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Behind the curtain – The Cooke Factory

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By: The Cooke Team  |   2 min read

The Cooke factory, located in Leicester UK, possesses a unique ambiance which seamlessly blends contemporary techniques with age-old traditions and machinery. Fuelled by a team driven by passion, their unwavering commitment empowers Cooke to craft enduring products known for their exceptional quality and lasting for decades.

“Something is well designed when it’s practical and reliable but also elegant.”

Graham Cassely, Optical Designer – Cooke Optics

 This ethos has been imbued in Cooke from the beginning and some of the machines in the factory date from the start of the company also. Whilst advances in machining have been embraced and utilised by Cooke, there is fantastic value to be had in combining new and old technological processes – in some cases the older processes give more favourable results. Throughout the extensive manufacturing process there is a handcrafted, human element.

“I really like this idea of making all the glass elements in a very persistent way. We’ve got more control to how the glass is going to behave.”

Kate Figurska, Mechanical Design Engineer – Cooke Optics

The factory is spread over two floors. The ground floor operates as a gigantic clean room with people working in coveralls carrying out clean work which includes coating, cementing and final assembly. Upstairs the “dirty” work is carried out – metal work, iris build, outer assemblies and the like. Throughout the process these two spaces work in tandem with one another.

The “outer” of a Cooke lens is the metal work that you interact with: the outer barrel, the focus and iris gear and lens mount. The “inner” of the lens is where all the glass is. Cooke build the outer and the inner separately, and then when they are ready, the inner slides into the outer and it’s all locked together.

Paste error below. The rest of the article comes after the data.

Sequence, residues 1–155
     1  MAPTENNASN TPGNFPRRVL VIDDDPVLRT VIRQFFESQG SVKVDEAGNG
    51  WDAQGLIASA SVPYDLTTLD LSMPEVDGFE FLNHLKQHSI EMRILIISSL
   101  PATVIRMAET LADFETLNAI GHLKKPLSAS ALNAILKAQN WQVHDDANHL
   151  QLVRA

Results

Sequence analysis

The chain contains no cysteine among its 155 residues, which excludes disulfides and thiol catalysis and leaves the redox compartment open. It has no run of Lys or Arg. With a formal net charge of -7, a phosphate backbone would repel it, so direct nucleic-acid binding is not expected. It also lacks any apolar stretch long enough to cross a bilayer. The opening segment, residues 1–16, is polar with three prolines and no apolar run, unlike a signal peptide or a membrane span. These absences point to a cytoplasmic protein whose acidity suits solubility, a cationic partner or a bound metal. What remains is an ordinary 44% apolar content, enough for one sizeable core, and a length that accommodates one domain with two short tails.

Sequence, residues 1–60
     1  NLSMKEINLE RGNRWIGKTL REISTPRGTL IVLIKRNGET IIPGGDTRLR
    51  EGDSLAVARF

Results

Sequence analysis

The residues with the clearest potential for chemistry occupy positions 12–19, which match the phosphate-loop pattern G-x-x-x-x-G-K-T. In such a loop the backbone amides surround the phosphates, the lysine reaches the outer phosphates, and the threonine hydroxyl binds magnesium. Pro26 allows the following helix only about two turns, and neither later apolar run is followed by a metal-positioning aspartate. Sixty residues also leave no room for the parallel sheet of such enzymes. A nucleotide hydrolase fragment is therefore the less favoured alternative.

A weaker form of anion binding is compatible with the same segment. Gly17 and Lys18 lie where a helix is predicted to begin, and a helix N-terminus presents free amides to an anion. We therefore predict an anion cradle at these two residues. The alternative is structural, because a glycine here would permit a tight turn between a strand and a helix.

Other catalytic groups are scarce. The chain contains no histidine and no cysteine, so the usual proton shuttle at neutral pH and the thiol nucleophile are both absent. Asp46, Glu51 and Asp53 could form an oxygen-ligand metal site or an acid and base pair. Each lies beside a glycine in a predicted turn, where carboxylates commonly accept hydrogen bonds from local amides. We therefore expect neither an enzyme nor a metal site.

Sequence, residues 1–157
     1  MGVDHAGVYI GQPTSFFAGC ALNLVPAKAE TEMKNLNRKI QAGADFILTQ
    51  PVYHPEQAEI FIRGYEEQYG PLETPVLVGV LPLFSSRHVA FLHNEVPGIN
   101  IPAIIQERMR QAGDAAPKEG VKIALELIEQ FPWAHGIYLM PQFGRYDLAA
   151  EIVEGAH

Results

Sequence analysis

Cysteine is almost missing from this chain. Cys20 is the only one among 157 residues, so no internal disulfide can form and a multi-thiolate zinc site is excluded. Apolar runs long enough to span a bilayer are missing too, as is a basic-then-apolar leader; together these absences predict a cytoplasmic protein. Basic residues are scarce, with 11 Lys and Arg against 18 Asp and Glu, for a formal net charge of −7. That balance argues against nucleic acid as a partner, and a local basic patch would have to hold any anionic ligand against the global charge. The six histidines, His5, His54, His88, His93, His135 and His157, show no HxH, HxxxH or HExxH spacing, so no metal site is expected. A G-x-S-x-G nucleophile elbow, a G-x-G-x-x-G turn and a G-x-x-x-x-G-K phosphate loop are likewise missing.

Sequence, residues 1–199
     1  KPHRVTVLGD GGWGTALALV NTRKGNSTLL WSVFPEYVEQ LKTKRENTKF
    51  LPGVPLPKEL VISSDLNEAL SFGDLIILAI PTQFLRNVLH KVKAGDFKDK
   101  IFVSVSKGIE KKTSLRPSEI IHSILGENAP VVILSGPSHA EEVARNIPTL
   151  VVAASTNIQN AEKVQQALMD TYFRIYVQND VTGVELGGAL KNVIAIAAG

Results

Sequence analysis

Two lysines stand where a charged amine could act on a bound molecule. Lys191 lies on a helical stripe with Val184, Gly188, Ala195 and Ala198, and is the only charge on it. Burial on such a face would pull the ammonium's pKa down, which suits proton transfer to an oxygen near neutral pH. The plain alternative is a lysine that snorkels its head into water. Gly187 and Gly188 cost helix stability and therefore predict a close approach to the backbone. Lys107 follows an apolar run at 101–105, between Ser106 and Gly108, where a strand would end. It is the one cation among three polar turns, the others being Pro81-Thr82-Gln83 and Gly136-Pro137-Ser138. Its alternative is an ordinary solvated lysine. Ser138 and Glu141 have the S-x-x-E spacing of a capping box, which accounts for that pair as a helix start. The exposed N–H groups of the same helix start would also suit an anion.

“We use a lot of new technology here which is great for consistency and repeatability. The ethos of the Cook factory is that we don’t just want to make lenses with great imaging, we want to make lenses that are built to last as well.”

Graham Cassely | Optical Designer – Cooke Optics

 The glass side of the process unfolds through a series of meticulous steps. Firstly, glass arrives from one of two suppliers, either based in Germany or Japan. Initially rough and untreated, the glass is larger than its refined and shaped form.

Pre-edging, grinding, and polishing are meticulously executed, utilizing state-of-the-art CNC machines alongside traditional equipment, each excelling in specific tasks. Master polishers work within exacting tolerances. Once the first surface is polished this side will be painted black for protection whilst the second surface is polished before also being sprayed.

Upon entering the coating clean room environment the black paint is removed, revealing the perfect surfaces ready to be coated. The precise chemical makeup of these coatings is closely guarded insider information!

Edging involves mounting a lens element onto a chuck with heated tar (pitch), ensuring alignment with the optical centre. Machines then precisely edge the lenses to their required dimensions. The heated pitch means the lens can be easily removed from the chuck without leaving marks. Once removed, the edges of any lens elements that could reflect or scatter light into the image are painted black.


Complete lens assembly involves meticulous integration of all elements to form the lens inner, followed by a thorough alignment check. If successful, the assembly is disassembled, cleaned for a final time, and reassembled in a clean room environment. Typically, a single technician oversees the entire part of this process for each lens, ensuring precision and consistency. Then the inner is fitted to the corresponding outer. Lenses are made to order to maintain uniformity across sets.

“Those details, what we are making sharp on an image, what we are trying to blur, it’s very important how the lens is being used to capture emotions.  As we consider perfect design there is never an end point, there will be always an improvement, there will be always something else. It’s a never-ending journey.”

Kate Figurska, Mechanical Design Engineer – Cooke Optics

Beyond manufacturing the factory also functions as a service centre and training space for rental company technicians. General servicing can include glass cleaning, a check over the lens mechanics and re-greasing but more extensive tasks such as cam replacement are also common.

“The ethos of the Cooke factory is that we don’t just want to make lenses with great imaging, we want to make lenses that are built to last as well. People are still using Speed Panchros that were built 70 or 80 years ago and I like to think that people will still be using lenses that we’re building now in another 70 or 80 years.”

Graham Cassely, Optical Designer – Cooke Optics

Creating Cooke Lenses

Directed by Dino Kazamia
Cinematography by Dylan Bruce